The infrastructure minister says there were over 900 defects identified throughout the work on Douglas promenade, many of which ‘remain outstanding’.
Chris Thomas was asked whether he considers the prom to be completed in the House of Keys this morning.
He said it was finished on March 1, 2022 but couldn’t give the cost of the work done as a final account is in the process of being agreed with the main contractor.
Mr Thomas added that its expected expenditure will be in line with capital provision, excluding costs incurred during the Covid-19 pandemic, which delayed work.
After Glenfaba and Peel MHK Tim Crookall gave examples of a number of places along the stretch that could be identified as trip hazards, Mr Thomas said over 900 defects had been notified through the contractual process.
‘Of these, there are many defects that remain outstanding and require financial assessment to facilitate their acceptance under the contract,’ he said.
‘A major point of discussion has been the red concrete, which is treated as a defect under the construction contract.
‘Discussions are ongoing with the expectation of reaching agreement.
‘If agreement cannot be reached then the department may initiate the arbitration procedures.’
Garff MHK Daphne Caine said she was ‘shocked’ to learn that the minister would consider the prom complete as the horse tram tracks still don’t run the full length of the prom.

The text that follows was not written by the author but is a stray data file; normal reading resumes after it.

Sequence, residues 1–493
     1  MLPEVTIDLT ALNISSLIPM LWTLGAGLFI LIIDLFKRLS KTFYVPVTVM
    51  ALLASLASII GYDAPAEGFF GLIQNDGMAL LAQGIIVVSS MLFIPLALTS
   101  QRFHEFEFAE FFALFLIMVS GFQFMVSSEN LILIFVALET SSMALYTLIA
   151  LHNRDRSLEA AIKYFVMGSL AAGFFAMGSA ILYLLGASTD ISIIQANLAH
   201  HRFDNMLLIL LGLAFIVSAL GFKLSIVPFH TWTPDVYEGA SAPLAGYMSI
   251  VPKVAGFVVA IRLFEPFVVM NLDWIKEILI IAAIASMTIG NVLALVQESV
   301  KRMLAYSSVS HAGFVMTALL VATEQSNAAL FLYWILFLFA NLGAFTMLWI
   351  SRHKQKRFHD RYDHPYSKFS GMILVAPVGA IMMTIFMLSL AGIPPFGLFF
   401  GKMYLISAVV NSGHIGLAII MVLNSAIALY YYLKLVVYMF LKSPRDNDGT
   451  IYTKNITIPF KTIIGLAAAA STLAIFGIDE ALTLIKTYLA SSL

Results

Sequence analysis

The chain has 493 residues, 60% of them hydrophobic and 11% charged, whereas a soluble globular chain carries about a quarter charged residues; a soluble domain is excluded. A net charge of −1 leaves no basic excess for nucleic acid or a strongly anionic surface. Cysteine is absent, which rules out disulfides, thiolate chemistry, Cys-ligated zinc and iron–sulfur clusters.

She asked if additional funding is being sought for this, adding that the department had spent all of the funding set aside for the reinstatement of horse tramway on the highway pavements and crossings.
Mr Thomas said: ‘The single line section of tram track to sea terminal was removed from the Douglas promenade project in April 2020.
‘A separate project business case has been developed with options, I’ve seen it.
‘Funding through the budget process would be required but Tynwald’s fiscal position is tight at present.
‘I am unable to advise when that scheme may be brought forward.’
Mr Crookall referenced the minister’s promise in November he would return with a proposal regarding the horse trams.
‘There were substantial deliberations and discussions inside the department and with Treasury,’ Mr Crookall said.
‘I don’t have any fixed date on when the proposal will be taken forward.
‘I completely accept that any capital scheme needs planned maintenance.
‘We’re now planning the maintenance of the promenade alongside cleaning up the defects.’
He continued: ‘I think £750,000 has been talked in terms of the extension of the single tram track along the corridor that’s been left for that purpose, it’s much more than that but it will depend on the options that will be taken in terms of how that’s structured.’